Those of you too young to remember the actor, Jack Palance, missed a treat. 6’ 4”, until he got older and slouched to reach 6’ 3”, a former boxer and injured member of a WWII bomber crew whose face was “improved” with surgery, he “often played a film’s menacing villain with an imposing physique and authoritative voice.” In 1956, he played an over-the-hill, but loyal boxer in the TV drama from Rod Serling, “Requiem for a Heavyweight.” It won awards. He was Marlon Brando’s Broadway understudy in “A Streetcar Named Desire.” It, too, won awards. For much of his film career he played villains, quite well. For example, in 1953, he played opposite Alan Ladd in “Shane.” As the evil Jack Wilson, (see below)
Palance cemented his performance as film’s baddest guy opposite the buckskin-clad hero. He was nominated for an award, but won no Oscar …until 1991 when he was successful in 1991’s Billy Crystal’s “City Slickers” as an older, wiser, funnier cowboy. (see below)
When accepting his award, he said he he didn’t know what to do, so –on stage—he did some one-arm push-ups, as he did in military service. The audience loved it. Off screen, he was a writer, poet, rancher, and spoke 6 languages. In a film entitled “The Professionals,” he played a bad guy with a heart of gold who required Lee Marvin, Burt Lancaster, Robert Ryan, and Woody Strode to be brought in –only to then be let go because the “bad guy” was the story’s good guy after all.
But my favorite piece of his work was from a television production, in 1968, of “The Strange Case of Dr. Jekyll and Mr. Hyde.” Remember the story? A medical doctor, through his research, wants to set aside a man’s lesser qualities and emphasize only a man’s good intentions. He experiments on himself and, dang, doesn’t it turn out just the opposite. Under the spell of his magic potion, he became a gambler, womanizer, cruel type of guy. (Don’t you hate it when that happens?!) How bad was he? While dressed in fine clothes, tails and top hat, he carried a walking stick whose leaded handle doubled as a club and whose wooden shaft housed a small sword. (see below for a happy Mr. Hyde and contrasting Dr. Jekyll)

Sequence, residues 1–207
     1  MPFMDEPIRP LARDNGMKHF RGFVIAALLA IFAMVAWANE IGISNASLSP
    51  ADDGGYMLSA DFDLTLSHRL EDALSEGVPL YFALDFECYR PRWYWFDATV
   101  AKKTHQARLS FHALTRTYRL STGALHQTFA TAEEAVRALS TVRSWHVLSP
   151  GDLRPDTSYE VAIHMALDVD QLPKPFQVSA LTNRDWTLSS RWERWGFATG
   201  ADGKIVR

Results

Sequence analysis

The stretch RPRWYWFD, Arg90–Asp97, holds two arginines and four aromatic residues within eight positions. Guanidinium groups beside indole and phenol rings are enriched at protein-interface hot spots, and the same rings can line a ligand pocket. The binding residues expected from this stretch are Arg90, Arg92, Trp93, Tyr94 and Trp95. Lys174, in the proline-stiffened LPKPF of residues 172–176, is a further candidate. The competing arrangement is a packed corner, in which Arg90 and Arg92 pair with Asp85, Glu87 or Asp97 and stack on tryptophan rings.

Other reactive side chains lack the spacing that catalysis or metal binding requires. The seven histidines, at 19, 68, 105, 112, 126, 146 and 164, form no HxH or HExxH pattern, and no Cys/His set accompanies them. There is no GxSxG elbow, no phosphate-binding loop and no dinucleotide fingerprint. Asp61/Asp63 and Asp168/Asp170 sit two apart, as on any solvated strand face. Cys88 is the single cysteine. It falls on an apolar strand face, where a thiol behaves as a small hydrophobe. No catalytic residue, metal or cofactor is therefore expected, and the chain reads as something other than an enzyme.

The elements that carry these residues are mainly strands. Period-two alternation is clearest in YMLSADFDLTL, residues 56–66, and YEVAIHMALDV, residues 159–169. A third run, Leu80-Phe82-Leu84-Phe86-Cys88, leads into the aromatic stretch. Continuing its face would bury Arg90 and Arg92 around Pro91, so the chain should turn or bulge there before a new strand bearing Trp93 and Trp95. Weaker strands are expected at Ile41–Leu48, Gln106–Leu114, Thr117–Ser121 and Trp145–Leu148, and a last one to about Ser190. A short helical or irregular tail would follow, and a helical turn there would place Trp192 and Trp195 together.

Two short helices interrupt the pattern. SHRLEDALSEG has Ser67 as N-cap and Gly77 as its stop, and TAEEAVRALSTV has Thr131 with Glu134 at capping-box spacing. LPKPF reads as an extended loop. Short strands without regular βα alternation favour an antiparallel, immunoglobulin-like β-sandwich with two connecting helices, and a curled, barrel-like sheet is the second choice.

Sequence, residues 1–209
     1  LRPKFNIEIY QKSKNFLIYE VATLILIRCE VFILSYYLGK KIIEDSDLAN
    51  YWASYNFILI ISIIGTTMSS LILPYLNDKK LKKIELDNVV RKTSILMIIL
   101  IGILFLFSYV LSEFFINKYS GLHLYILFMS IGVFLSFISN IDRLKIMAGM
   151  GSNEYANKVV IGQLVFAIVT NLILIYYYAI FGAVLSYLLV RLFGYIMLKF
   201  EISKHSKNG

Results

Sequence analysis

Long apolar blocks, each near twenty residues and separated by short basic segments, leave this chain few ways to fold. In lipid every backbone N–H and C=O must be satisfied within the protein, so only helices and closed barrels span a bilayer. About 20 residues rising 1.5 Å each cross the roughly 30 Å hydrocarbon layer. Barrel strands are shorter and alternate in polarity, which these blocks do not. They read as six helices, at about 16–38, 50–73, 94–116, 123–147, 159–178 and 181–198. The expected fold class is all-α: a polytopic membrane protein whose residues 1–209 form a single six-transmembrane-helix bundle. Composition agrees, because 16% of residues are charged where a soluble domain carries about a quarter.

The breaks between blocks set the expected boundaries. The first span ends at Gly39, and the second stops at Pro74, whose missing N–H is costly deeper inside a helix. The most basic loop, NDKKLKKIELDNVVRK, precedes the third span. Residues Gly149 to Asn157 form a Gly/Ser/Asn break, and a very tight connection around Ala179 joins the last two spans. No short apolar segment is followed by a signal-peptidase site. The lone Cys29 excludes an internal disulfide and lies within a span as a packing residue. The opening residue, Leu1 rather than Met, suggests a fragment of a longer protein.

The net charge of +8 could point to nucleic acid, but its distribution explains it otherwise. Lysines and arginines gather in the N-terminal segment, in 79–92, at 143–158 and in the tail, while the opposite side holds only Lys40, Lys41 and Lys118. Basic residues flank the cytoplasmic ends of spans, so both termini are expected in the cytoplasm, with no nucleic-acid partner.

Of course, both weapons are used by Mr. Hyde to maximum ill effect, as he smiles throughout an evening of drinking, gambling, and female companionship. Just another night-on-the-town for the nasty star, but a thoroughly convincing performance. Too bad Denholm Elliott shoots him at the end of it.
Unfortunately, for Palance much of his work was done abroad and –how can I say this—on the cheap. But if you like an acting job well done, and portraying a convincing bad guy, keep Jack in mind. For TCM or late night TV. And don’t look for Frederick March or Spenser Tracy in the main role. Just remember Jack.